On the top shelf of the hall closet there’s a hand-made Easter basket, fashioned from square coasters and covered with baby blue paper. The side edges are punched with holes and are laced together with royal blue ribbon. My son’s handwriting is on the bottom, chunky in black Sharpie pen: Mom, I love you. Grant.
We made the Easter baskets four years ago, when my belly was round with Isaiah. I’d pulled our antique rocker next to the dining room table and watched the boys craft. “Mine is for a friend,” Grant said. I was grateful for his selflessness as he’d been struggling with contentment.
On Easter morning, the boys scavenged the house for their baskets and candy-filled eggs. When everyone’s treats had been found, three sons sprawled over the rug and delved into their goodies. Grant plopped down beside me. “There’s one more basket, Mom,” he said. “We’d better start to look.”
“There aren’t any more baskets, Grant. Everybody has one.”
“I know there’s one more. I’m looking.”
I became agitated. Couldn’t Grant be happy with what he had? Why did he think there was more?
Grant stood and poked around the living room. “It’s not here. I’m going to look upstairs.”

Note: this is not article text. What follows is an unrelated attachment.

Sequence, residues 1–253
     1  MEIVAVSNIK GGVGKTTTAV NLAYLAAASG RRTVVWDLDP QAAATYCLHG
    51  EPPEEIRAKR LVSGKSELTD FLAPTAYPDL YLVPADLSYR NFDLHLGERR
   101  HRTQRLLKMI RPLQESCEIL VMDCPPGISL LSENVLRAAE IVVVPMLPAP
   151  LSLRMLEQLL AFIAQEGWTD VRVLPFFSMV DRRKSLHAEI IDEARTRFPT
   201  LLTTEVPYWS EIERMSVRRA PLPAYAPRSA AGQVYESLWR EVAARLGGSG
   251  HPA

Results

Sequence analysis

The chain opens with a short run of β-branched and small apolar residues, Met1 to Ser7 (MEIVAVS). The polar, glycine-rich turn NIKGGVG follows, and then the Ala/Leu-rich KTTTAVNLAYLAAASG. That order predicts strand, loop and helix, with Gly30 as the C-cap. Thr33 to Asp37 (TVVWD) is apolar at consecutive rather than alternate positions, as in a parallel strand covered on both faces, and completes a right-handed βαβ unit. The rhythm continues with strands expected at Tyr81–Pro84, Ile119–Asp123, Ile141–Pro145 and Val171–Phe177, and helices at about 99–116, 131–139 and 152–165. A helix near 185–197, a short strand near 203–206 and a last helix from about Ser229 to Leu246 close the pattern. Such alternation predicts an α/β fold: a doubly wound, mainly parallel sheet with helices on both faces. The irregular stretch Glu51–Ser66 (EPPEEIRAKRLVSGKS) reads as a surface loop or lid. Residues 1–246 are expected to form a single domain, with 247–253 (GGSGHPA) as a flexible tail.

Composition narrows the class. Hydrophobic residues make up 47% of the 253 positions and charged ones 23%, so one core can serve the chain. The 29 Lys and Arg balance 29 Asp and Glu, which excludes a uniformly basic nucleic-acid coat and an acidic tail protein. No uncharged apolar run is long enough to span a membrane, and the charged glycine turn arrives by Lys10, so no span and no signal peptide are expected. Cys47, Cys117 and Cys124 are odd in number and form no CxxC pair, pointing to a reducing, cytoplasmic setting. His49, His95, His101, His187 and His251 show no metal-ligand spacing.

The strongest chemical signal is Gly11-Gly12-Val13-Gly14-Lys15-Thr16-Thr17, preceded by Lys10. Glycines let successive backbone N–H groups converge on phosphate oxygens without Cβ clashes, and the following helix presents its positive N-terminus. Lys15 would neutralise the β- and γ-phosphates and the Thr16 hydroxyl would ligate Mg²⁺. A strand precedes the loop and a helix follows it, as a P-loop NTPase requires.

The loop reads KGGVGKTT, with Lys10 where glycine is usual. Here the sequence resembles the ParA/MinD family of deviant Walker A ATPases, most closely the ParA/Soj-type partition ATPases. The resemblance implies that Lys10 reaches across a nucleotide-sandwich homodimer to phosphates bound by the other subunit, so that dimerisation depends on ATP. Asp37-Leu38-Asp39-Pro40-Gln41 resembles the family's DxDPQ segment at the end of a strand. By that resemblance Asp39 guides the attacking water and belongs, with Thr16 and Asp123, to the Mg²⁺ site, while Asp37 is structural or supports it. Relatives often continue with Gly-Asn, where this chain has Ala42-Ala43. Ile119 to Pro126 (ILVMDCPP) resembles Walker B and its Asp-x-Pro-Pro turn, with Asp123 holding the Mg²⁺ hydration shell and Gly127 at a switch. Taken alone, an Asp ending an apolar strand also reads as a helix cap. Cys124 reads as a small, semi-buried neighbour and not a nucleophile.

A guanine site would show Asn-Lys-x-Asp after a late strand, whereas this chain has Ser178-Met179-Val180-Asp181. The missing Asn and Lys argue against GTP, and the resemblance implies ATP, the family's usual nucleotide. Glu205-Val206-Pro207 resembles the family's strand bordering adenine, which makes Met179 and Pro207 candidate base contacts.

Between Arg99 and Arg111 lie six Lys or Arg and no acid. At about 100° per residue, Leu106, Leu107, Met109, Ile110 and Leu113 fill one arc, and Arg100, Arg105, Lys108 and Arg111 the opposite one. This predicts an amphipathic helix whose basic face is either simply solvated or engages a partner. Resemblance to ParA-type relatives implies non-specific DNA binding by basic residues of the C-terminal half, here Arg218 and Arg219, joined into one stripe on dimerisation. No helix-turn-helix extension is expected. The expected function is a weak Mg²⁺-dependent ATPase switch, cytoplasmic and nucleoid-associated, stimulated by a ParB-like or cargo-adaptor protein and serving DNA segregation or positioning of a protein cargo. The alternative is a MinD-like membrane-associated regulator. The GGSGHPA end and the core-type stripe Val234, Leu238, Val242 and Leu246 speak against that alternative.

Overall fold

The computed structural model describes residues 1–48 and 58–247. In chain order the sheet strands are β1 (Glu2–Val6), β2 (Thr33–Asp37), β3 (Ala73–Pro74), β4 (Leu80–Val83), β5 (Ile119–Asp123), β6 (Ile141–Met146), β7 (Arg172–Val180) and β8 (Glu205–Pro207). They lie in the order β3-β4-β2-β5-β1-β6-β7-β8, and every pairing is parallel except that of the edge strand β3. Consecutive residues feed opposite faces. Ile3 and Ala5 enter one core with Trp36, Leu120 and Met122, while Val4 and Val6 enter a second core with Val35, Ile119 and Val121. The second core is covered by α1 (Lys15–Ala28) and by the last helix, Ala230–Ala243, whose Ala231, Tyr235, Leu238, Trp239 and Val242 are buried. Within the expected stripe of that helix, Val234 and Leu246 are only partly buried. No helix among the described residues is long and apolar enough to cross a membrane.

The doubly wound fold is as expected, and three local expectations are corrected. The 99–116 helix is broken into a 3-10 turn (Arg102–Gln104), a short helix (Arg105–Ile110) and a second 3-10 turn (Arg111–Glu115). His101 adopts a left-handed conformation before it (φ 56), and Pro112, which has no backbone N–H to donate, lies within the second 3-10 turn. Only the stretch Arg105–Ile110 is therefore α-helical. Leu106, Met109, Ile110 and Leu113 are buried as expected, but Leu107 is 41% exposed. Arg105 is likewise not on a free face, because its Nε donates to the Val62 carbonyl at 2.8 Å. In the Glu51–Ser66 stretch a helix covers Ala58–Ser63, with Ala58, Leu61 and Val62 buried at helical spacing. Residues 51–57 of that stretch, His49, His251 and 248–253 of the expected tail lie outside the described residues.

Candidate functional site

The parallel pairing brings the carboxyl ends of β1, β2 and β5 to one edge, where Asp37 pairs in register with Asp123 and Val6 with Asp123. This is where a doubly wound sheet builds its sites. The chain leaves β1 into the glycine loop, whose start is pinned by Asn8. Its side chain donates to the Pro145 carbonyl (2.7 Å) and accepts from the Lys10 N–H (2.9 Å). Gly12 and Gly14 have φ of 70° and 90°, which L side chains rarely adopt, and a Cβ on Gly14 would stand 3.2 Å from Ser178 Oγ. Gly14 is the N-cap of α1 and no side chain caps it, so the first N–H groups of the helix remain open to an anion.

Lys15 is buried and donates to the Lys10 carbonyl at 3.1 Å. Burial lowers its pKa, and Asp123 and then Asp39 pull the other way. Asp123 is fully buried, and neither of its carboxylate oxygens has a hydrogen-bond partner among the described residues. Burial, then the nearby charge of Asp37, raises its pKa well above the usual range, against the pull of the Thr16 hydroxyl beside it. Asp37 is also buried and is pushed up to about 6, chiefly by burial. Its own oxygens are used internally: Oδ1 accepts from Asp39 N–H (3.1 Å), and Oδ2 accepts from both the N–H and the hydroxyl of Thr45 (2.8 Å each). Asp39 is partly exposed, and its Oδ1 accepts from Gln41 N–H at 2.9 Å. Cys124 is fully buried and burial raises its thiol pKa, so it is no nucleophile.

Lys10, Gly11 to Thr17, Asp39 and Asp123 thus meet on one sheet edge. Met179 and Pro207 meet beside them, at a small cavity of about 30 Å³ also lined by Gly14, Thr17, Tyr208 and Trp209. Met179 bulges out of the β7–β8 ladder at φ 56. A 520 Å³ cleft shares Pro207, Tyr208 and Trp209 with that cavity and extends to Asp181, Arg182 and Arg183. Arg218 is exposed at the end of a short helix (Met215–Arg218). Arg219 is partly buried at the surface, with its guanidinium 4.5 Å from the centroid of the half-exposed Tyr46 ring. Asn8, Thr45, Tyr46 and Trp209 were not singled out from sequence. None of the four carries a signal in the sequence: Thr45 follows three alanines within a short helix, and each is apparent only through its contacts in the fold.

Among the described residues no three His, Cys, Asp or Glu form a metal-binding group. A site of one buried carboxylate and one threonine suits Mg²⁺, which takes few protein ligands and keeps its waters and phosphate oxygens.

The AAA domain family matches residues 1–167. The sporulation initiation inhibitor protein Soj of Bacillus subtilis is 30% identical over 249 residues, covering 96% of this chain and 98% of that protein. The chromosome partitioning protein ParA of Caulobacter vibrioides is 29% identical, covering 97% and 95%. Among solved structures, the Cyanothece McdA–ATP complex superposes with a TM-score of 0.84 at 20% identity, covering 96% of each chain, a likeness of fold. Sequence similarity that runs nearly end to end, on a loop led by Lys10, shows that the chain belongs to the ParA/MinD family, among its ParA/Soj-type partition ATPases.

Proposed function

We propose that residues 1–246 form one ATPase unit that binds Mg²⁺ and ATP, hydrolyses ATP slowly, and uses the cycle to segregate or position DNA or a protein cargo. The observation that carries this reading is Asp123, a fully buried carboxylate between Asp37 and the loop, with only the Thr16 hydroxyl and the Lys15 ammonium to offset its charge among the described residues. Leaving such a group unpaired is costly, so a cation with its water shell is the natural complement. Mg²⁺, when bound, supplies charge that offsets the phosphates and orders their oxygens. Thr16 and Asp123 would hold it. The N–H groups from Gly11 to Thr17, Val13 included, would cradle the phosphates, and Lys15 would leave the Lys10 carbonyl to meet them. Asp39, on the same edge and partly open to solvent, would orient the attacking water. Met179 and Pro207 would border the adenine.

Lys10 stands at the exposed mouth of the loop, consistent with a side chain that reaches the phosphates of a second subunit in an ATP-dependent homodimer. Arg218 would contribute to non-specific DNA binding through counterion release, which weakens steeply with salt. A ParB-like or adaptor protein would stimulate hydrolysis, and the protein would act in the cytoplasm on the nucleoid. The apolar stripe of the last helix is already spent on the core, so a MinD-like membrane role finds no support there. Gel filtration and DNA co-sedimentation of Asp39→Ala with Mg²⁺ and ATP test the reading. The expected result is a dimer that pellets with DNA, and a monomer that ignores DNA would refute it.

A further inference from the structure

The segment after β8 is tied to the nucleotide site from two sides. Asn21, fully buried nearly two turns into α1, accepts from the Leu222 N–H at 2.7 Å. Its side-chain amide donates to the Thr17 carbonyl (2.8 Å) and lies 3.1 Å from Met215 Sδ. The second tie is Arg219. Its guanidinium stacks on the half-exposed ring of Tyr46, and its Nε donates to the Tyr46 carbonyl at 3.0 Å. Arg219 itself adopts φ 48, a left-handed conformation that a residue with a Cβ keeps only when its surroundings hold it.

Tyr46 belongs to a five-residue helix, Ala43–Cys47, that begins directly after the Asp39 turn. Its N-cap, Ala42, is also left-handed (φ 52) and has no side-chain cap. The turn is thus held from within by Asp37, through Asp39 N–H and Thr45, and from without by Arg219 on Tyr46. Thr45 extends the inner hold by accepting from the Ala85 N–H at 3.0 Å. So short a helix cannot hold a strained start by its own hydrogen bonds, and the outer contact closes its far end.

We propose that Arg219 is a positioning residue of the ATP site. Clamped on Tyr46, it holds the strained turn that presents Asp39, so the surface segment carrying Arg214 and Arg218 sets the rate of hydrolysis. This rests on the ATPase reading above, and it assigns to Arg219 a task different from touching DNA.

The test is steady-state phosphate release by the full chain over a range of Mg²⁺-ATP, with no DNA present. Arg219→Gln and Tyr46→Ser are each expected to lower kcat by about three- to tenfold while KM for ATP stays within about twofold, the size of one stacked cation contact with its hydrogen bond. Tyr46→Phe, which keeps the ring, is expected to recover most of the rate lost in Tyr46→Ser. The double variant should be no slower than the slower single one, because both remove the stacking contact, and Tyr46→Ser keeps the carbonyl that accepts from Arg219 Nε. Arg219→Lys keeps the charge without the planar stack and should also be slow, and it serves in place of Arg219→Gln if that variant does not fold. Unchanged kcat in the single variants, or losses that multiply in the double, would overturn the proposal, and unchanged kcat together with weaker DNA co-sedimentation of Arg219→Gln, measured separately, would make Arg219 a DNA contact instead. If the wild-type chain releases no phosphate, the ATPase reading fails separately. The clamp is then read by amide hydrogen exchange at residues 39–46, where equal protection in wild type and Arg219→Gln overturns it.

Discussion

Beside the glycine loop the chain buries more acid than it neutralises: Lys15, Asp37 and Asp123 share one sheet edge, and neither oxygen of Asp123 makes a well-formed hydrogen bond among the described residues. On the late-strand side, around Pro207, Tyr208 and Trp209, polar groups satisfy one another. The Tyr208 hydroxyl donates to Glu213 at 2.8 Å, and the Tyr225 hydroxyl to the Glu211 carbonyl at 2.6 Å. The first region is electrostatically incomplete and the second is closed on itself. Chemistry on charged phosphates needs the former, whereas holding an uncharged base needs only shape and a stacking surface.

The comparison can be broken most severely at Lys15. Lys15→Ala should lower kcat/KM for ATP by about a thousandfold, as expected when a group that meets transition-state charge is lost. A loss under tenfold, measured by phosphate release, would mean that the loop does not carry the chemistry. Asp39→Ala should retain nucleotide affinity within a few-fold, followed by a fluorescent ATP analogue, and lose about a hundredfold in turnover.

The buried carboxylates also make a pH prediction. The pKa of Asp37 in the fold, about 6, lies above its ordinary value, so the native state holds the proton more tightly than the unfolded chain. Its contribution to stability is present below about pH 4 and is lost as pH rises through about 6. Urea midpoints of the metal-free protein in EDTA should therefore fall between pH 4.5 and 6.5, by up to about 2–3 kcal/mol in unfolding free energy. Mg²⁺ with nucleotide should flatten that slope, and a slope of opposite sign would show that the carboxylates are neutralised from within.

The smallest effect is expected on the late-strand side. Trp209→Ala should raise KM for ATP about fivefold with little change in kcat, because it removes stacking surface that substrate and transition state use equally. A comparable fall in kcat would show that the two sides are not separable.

“There are no more baskets, Grant. No more. Can’t you be satisfied?” The sharp words were loose before I could pull them back.
Grant was quiet. He looked at me with wide eyes. Then he continued up the curved stairs. A minute later he returned with the small, square, baby blue basket. A milk chocolate bunny peeked over the side.
“Here, Mom. There was one more. I didn’t make it for a friend,” he said. “This basket is for you.”
I was filled with shame. “Oh, Grant. I’m so sorry. Please forgive me,” I said. “The basket is beautiful.”
“Sure, Mom,” Grant said. He smiled and pushed the basket into my hands. I ran my fingers over the lacing and regretted my response. Despite Grant’s quick forgiveness, I was overwhelmed with guilt. I wished I’d seen the wonderful in my son instead of looking for a shortcoming.
Grant grew a lot after that Easter, and the little square basket was the last of the hand-made gifts. It always makes me sad. It’s been tucked away for a long time. But this week I’ve been thinking about Jesus, trying to get my mind around what he did on the cross. And I’ve decided to pull that little basket from the shelf in the closet. I’m going to dust it off, set on the table, and fill it with something sweet. And when I look at it, I’ve decided that I’m not going to see my mistake and regret.
I’m going to choose to see something else.
When I look at that little blue basket from my son, I’ll see the Lord’s grace.
Thank you, thank you, Jesus…